Why this site?
Seymour Krim's The Beats, Dodge City and 1963
by George Laughead
For many of us in junior high or high school in 1960-64 or so, the paperback book The Beats, edited by Seymour Krim (Gold Medal Books, 1960), was the mother lode of mental excitement. In 1963, a copy of it reached the only paperback bookstore in my hometown of Dodge City, Kansas, and started a censorship issue with my 9th grade English teacher that never ended. She was the sweet bright wife of a Methodist minister--me, the quite reading student wanting to do book reports on Lawrence Ferlinghetti, Jack Kerouac, Allen Ginsberg, Diana DiPrima, Gregory Corso, and William Burroughs, but unable to get any of their books. To be fair, she did finally let me use Krim's book for weekly book reports. I used Ferlinghetti's "A Coney Island Of The Mind: #5" first.
Later generations would still be affected by Krim's book. Ira Silverberg, Grove Press Editor-in-Chief at the time (1996)--and at least a decade and a half younger than I--told me that The Beats started him on the Beat Generation book path. He graduated from KU in the mid-1980s.
William Burroughs signed my copy in the early 1990s, that same copy I read from in 1963. William also signed my Evergreen Blackcat first edition of Naked Lunch, one that I received as a Christmas gift in 1966--and moved with me all these years.
Meeting the late Lee Streiff by email and telephone (he lived in Wichita), and hearing from longtime friends with sites on my directory, I'm reminded that the movement that became labeled 'the Beats' started all over America in the post-WWII 1940s and early 1950's. The end of 'the Beats' may have come as early as 1965, but for those of us living in Lawrence, Kansas, the 1968 closing of the unique Abington Book Shop -- where George Kimball, Charley Plymell and Jim McCrary worked; where Grist magazine and S. Clay Wilson were published -- and its owner, John E. Fowler, moving, certainly marked one ending point. Harry's wonderful natural food store moved in, and the change to Hippies was completed.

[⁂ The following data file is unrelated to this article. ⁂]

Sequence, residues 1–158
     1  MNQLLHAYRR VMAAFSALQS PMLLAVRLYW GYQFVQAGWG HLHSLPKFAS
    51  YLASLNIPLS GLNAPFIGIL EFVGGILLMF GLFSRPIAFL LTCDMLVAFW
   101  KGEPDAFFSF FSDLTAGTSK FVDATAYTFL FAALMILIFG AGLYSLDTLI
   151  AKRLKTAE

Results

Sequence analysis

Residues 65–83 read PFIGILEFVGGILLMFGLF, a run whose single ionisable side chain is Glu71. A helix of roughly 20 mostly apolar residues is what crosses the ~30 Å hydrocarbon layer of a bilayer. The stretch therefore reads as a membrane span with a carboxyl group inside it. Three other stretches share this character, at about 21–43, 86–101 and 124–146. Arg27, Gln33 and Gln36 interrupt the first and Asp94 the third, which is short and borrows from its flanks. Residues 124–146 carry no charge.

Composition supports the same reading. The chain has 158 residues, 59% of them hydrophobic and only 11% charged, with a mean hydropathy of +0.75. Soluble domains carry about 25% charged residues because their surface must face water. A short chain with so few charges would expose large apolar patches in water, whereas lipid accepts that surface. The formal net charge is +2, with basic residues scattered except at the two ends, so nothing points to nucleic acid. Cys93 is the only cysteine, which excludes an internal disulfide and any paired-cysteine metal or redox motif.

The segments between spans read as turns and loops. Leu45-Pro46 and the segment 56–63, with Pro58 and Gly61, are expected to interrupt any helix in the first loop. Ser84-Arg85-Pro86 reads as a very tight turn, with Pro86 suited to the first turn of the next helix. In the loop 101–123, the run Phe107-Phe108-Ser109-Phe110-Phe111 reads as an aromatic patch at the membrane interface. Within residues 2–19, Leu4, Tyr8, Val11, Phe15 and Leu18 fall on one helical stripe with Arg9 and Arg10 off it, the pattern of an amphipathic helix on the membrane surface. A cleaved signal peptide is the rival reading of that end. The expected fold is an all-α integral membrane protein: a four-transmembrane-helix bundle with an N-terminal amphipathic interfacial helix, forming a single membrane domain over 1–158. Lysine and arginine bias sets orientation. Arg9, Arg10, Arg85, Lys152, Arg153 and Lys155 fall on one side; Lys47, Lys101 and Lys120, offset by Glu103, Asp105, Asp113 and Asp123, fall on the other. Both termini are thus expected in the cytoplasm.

Most of the Beats didn't become famous or rich--they just kept on writing and painting and producing and living a life with all of us richer for their work.
Many of these creative souls have been left out of the 'official' history of the period by those that followed. May this site correct that mistake.
Additional information: From Charley Plymell -- earlier end of the Beats -- "1963 where the beats met the hippies at the 1403 Gough St. [San Francisco -- Charley Plymell's apartment, with roommates Neal Cassady and Allen Ginsberg] pad."
(© 2002-2010, George Laughead)